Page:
Innovation, smart thinking, and a thirst for education are vital if Americans are to cope with the fast changes brought on by a “flattening of competition” throughout the world, a University of Tennessee Space Institute professor believes.
“This is a competitive challenge for Americans,” said Gregory Sedrick, on Dec. 5 in the first of planned free monthly luncheon seminars at UTSI. “It is bad news for Americans if we don’t step up to the challenge.”
He cited some positive ways that drastic changes make it possible for people to collaborate on a world-wide basis. For instance, he said that at the same time “outsourcing” caused a loss of many jobs in the United States, 250,000 new higher paying, supporting jobs were created.
While India and China are graduating far more engineering students, Sedrick said the U.S. still has the highest quality engineers in the world, adding, “The question is, how long?” He also noted that “engineering” does not have the same definition in India and China as in the U.S. For instance, he cited studies showing that only 25 percent of India’s three hundred thousand engineering graduates are ready to work in outsourcing jobs, and only 10 percent of China’s 500,000 engineering graduates are qualified for jobs in the new economy upon graduation.
Sedrick, program chair for UTSI’s graduate program in Industrial Engineering with an Engineering Management concentration, drew from Thomas Friedman’s recent book, “The World Is Flat,” in which Friedman stresses that the democratization and integration of technology and economic systems have made the competitive world flat.
The professor cited ten reasons for the drastic changes and suggested the path to success lies in three actions: remaining connected, raising “terrific children” and instilling in them the value of life-long learning. He cautioned against “protectionism” as a solution to the problem, saying, “We can’t protect ourselves against this threat by legislation.”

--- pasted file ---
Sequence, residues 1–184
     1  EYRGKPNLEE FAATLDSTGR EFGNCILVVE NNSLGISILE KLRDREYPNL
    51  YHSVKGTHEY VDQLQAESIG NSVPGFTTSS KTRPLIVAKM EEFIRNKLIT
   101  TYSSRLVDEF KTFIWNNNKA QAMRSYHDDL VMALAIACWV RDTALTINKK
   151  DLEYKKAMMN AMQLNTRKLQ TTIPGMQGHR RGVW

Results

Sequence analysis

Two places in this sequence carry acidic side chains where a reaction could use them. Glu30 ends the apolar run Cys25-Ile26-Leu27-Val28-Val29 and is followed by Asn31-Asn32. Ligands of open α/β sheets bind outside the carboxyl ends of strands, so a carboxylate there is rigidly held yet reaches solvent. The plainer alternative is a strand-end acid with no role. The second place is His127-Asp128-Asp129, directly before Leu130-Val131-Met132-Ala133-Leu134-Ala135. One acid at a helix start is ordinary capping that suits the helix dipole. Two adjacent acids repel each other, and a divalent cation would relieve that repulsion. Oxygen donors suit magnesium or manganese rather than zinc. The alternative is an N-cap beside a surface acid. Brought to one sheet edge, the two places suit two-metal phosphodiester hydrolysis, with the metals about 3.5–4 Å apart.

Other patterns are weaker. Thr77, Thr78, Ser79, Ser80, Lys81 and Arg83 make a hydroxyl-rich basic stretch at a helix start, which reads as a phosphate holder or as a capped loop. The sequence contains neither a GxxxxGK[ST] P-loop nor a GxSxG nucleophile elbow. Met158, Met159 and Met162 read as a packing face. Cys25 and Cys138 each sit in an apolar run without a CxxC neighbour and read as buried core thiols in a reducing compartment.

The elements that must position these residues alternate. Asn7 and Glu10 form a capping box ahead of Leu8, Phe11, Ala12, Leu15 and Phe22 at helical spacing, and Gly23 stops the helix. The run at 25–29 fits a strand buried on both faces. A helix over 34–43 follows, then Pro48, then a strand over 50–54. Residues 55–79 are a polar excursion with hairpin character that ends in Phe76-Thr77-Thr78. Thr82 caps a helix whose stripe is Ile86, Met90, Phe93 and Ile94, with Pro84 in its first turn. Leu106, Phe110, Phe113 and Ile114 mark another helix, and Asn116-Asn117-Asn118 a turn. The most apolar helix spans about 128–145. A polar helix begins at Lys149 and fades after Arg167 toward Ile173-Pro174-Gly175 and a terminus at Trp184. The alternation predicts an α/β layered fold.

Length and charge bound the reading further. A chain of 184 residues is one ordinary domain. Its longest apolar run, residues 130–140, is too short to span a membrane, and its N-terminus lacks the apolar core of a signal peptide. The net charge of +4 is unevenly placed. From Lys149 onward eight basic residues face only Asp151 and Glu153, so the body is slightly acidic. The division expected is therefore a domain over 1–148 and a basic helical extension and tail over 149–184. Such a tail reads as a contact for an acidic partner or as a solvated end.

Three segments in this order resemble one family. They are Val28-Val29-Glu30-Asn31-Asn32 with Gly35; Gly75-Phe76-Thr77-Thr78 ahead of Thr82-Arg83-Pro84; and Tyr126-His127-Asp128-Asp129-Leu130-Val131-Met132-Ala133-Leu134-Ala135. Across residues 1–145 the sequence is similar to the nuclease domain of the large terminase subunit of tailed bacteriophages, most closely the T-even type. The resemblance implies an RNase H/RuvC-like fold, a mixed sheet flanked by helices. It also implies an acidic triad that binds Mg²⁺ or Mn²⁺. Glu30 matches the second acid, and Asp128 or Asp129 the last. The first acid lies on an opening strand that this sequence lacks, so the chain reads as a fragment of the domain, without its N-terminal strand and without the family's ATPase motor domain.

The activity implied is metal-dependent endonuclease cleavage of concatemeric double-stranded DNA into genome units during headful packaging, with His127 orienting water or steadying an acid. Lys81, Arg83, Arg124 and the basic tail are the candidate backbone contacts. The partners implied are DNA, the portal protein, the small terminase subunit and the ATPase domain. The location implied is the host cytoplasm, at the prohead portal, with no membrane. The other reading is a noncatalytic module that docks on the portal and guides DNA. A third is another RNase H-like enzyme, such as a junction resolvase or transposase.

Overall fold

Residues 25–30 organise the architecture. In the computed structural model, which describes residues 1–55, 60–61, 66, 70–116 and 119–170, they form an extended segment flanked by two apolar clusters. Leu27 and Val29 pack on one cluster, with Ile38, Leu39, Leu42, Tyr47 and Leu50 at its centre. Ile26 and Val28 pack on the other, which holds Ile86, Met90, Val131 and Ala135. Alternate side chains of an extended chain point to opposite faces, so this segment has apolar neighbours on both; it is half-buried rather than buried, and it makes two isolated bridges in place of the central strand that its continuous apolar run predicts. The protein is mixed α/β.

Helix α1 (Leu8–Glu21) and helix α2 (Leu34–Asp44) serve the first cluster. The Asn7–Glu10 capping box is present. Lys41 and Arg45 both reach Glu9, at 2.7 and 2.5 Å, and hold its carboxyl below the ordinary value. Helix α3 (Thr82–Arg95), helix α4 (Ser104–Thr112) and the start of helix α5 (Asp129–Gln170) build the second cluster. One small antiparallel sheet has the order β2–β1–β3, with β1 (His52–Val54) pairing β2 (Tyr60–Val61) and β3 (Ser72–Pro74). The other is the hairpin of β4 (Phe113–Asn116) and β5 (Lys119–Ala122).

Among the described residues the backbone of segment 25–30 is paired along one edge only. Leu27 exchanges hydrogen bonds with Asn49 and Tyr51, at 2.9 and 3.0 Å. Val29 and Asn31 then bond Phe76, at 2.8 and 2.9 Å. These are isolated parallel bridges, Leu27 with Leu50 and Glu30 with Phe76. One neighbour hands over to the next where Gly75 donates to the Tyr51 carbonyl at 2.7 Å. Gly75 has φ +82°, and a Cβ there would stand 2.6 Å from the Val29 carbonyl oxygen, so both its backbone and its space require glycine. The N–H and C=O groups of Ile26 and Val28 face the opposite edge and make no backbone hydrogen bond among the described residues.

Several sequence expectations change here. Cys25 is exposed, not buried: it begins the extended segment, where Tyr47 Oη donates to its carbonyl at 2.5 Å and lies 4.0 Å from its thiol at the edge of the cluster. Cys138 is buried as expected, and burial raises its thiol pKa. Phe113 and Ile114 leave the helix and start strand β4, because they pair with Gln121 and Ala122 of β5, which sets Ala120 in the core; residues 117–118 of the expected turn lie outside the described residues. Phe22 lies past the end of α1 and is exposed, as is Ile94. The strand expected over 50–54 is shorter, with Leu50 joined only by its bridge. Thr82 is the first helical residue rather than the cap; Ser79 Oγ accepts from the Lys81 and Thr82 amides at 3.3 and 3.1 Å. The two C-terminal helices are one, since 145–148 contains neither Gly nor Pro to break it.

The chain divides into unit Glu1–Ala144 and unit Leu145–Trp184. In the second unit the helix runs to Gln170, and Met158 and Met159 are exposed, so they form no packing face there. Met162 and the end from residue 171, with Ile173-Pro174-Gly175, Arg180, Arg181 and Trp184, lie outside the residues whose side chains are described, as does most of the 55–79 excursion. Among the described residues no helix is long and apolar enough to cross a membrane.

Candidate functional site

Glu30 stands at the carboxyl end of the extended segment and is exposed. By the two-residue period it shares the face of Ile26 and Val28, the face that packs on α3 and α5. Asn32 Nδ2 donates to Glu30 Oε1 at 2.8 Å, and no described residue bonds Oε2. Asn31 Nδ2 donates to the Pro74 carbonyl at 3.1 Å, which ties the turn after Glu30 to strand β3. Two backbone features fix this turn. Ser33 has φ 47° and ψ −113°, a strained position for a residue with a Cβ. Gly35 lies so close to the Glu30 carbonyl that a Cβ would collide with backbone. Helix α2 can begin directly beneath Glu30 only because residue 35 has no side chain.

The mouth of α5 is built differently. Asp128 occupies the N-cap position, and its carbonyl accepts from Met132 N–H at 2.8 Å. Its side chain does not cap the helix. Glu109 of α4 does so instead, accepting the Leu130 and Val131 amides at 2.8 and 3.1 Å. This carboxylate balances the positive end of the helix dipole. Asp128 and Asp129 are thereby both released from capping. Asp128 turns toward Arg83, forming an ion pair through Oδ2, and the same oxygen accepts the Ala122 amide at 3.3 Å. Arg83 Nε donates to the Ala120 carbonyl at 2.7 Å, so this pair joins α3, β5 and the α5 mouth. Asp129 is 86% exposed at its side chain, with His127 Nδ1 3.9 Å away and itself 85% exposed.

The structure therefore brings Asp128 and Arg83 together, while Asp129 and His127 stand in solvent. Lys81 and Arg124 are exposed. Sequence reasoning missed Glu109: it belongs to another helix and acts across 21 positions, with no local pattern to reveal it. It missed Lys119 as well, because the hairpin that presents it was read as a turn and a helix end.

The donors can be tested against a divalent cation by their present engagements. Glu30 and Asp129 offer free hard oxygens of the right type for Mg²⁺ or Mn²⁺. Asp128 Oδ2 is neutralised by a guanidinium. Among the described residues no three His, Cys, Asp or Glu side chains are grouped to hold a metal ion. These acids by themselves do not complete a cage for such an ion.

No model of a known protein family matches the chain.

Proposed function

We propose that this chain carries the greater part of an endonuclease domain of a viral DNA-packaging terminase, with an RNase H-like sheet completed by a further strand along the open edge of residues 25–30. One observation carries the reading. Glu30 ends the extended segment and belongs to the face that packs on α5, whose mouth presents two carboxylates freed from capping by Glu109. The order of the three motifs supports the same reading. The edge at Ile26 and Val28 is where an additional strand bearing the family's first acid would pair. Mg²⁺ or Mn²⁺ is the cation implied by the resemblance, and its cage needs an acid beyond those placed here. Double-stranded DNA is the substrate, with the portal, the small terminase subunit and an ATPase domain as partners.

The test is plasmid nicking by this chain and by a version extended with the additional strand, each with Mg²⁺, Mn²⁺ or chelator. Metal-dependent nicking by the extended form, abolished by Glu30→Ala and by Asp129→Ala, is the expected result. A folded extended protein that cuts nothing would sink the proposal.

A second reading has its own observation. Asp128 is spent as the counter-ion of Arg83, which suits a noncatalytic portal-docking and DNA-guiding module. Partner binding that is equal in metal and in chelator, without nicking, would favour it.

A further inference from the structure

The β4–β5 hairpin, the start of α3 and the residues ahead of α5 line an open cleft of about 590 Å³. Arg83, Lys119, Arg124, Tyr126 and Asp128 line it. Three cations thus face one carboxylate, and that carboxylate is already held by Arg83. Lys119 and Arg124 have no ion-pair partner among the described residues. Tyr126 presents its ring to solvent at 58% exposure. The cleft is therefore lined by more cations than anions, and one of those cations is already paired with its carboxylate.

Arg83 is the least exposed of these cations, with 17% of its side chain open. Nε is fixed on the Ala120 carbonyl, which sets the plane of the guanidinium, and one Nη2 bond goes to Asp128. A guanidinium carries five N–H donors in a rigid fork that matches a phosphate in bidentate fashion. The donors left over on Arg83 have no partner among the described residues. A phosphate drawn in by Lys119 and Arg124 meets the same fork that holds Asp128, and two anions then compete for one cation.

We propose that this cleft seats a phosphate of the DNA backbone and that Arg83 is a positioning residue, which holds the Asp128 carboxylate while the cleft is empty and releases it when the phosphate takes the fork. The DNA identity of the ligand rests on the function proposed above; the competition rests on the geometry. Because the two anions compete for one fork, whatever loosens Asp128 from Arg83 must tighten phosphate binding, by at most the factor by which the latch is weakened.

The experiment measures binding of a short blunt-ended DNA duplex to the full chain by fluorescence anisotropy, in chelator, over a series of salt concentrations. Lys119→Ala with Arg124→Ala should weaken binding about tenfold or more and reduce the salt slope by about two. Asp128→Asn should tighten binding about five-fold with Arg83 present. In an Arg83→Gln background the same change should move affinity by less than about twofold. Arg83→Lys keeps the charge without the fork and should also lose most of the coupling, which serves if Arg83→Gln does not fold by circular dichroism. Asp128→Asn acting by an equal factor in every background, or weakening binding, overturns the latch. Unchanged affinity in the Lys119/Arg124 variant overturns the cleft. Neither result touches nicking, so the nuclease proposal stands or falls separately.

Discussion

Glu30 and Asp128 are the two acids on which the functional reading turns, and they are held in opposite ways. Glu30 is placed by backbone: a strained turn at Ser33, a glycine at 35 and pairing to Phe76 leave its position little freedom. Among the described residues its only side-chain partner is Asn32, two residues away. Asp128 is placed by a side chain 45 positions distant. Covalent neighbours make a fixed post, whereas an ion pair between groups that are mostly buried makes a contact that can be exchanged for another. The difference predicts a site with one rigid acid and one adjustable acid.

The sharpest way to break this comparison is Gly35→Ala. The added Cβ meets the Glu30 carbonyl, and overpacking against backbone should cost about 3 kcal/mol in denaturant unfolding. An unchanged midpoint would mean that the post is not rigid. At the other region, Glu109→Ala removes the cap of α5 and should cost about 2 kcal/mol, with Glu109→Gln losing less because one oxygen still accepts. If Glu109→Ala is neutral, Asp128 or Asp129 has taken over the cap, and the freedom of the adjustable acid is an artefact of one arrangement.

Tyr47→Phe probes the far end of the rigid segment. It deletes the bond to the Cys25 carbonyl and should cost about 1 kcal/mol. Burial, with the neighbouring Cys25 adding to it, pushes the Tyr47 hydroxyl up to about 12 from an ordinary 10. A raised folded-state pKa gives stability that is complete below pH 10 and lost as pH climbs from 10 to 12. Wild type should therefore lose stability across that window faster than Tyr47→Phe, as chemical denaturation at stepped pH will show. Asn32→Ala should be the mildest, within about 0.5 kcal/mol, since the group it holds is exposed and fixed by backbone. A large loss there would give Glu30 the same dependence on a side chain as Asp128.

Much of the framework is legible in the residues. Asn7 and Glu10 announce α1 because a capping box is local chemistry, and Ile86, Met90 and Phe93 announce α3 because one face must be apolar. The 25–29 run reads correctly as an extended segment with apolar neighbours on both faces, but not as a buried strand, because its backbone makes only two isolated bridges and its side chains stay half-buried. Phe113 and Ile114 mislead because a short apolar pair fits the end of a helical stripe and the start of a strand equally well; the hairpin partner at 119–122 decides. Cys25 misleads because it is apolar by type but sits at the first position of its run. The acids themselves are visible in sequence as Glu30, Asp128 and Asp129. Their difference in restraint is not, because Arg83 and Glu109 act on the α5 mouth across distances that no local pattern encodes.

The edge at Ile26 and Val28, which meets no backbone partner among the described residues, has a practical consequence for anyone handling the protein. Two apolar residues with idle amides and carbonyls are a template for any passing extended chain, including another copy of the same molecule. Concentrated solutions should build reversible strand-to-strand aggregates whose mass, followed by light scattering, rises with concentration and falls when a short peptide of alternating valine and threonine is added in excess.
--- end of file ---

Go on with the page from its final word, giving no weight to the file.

The fall of the Berlin wall, which allowed the spread of technology worldwide, the “open window” provided by Microsoft, and “public view” made possible when Netscape became public, providing sudden access to everyone, opened the door for .world-wide collaboration, Sedrick said.
“Software enabled us to collaborate anywhere – Tennessee, Japan, India…” Sedrick said. As an example of “open sourcing,” he cited on-line “encyclopedia” where anyone with at least two sources can contribute and “suddenly you’re collaborating world wide.”
Urging his listeners to “remain connected,” Sedrick and invited them to take advantage of UTSI’s help. He said the Institute’s distant education program reaches graduate students throughout Tennessee and in “almost every state in the union” as well as to many other parts of the world.
The speaker emphasized the urgent need to re-educate the unskilled in the United States and to develop cyber infrastructure where needed.
Becky Stines, director of Continuing Education at UTSI, introduced Sedrick after Donald C. Daniel, UT associate vice president and UTSI chief operating officer, welcomed those attending. Stines recently initiated the “Lessons From the Lake” seminars. Plans are to invite individuals from area industries, Chambers of Commerce, Arnold Engineering Development Center and other groups to lead future seminars. Persons planning to attend the seminars are asked to notify Director Stines at (931) 393-7276 or email@example.com.